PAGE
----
By next morning, at almost all district-headquarter towns, activists of the VHP, the Bajrang Dal, the Hindu Jagarana Samukhya and the Bharatiya Janata Party (BJP) staged demonstrations and blocked roads demanding the arrest of the swamis killers. The VHP and the Bajrang Dal gave a call for a Statewide 12-hour bandh on August 25. The bandh brought life to a standstill that day. Many trains were held up at stations en route and not a single passenger bus or commercial vehicle was seen on the roads.

Business establishments and banks downed their shutters and all educational institutions remained closed as ordered by the State government. Barring the arrest of some protesters, throughout the State the police largely remained mute spectators to the harassment of people who ventured out of their houses during the bandh.

In Kandhamal, informed sources said, houses belonging to Christians were set on fire and pastors and members of the community were attacked and burnt alive. Scores of churches and prayer houses were burnt down in Kandhamal district. Outside Kandhamal, an orphanage was attacked in Bargarh district.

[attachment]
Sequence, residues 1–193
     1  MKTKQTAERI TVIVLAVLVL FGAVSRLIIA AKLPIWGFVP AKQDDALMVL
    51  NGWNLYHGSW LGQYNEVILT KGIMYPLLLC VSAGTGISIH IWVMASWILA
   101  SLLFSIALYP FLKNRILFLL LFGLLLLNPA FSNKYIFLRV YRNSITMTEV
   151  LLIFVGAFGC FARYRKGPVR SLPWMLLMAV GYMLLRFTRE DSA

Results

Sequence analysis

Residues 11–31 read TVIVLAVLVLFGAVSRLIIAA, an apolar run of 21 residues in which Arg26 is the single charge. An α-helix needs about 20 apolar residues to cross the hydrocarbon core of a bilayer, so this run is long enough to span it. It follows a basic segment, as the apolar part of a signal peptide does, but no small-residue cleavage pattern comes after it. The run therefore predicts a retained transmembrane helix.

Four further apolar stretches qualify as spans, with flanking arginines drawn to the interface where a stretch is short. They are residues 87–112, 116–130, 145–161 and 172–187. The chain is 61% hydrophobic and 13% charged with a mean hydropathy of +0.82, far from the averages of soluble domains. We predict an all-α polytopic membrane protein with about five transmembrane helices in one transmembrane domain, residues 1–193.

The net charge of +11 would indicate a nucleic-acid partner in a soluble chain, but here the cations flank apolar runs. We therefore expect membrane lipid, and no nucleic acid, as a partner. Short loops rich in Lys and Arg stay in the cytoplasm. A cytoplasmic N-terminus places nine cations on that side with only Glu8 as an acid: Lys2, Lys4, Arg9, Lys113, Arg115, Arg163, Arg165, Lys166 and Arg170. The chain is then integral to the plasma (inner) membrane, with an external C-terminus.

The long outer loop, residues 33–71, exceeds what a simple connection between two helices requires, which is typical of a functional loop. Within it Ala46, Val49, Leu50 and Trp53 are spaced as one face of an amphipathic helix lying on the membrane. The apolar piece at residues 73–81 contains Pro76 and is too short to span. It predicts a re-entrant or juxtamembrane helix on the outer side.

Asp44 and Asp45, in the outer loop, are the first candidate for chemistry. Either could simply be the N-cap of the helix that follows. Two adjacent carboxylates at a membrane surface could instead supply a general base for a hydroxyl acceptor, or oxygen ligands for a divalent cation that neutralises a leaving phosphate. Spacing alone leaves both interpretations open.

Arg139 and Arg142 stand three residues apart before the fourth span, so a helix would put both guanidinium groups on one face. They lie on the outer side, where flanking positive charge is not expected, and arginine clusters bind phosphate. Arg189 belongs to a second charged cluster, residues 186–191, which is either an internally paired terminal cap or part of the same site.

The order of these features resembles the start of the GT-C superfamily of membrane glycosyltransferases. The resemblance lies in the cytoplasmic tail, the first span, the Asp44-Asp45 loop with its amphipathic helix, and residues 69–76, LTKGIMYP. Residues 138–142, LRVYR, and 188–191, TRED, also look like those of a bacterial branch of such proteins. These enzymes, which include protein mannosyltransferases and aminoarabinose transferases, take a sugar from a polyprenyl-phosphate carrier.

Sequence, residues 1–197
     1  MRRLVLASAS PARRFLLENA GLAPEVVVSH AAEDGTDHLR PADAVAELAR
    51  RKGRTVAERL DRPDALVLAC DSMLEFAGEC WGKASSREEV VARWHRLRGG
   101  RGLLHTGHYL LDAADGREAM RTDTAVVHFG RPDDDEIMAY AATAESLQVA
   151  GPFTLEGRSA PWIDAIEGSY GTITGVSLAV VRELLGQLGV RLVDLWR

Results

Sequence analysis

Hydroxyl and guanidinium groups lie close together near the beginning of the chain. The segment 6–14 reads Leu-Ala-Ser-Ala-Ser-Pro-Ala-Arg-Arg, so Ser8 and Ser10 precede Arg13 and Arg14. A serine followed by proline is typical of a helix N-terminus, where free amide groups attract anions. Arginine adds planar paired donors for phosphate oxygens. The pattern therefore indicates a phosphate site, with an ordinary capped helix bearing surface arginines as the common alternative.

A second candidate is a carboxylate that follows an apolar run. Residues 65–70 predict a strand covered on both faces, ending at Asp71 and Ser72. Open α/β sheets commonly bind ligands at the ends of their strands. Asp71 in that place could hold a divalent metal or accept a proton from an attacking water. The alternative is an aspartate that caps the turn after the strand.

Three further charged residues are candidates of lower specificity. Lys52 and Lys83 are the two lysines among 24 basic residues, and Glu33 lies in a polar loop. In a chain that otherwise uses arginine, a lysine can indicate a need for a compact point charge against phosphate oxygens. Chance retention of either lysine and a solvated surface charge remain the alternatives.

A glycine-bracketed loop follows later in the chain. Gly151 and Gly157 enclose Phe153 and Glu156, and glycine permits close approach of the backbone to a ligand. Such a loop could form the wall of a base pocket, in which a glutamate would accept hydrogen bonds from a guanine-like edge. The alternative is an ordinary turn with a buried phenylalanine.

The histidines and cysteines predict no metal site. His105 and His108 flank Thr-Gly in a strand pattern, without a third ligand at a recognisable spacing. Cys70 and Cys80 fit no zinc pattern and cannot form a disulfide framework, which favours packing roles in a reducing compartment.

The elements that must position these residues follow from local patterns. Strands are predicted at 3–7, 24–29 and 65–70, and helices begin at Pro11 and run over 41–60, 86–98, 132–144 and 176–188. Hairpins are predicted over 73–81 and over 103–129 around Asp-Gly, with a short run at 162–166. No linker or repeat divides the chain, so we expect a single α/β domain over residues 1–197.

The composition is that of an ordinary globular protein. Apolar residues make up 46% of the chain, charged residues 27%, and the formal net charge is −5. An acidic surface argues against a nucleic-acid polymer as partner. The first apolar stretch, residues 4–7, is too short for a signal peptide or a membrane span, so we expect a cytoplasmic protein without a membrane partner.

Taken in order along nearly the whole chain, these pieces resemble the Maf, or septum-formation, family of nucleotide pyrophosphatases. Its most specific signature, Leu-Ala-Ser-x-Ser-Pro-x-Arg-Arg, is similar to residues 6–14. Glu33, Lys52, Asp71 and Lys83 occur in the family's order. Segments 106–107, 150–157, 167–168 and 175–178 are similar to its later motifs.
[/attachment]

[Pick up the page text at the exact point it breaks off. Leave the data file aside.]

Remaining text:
Rajni Majhi, a 19-year-old Hindu girl who studied in a local college but worked in the orphanage as an auxiliary nurse, was burnt alive and a priest was beaten up badly.

Kandhamal district was virtually in flames by August 24. Serious trouble started when the Naveen Patnaik government succumbed to VHP pressure and allowed followers of Lakshmanananda to take out the funeral procession from the swamis ashram at Jalespata to the one at Chakapad, passing through hundreds of villages.

The procession started from Jalespata on August 24 afternoon and reached Chakapad the next afternoon after halting at Phulbani, the district headquarter town, for the night. Leaders of the Sangh Parivar, including Suresh Pujari, president of the BJPs State unit, participated in the procession.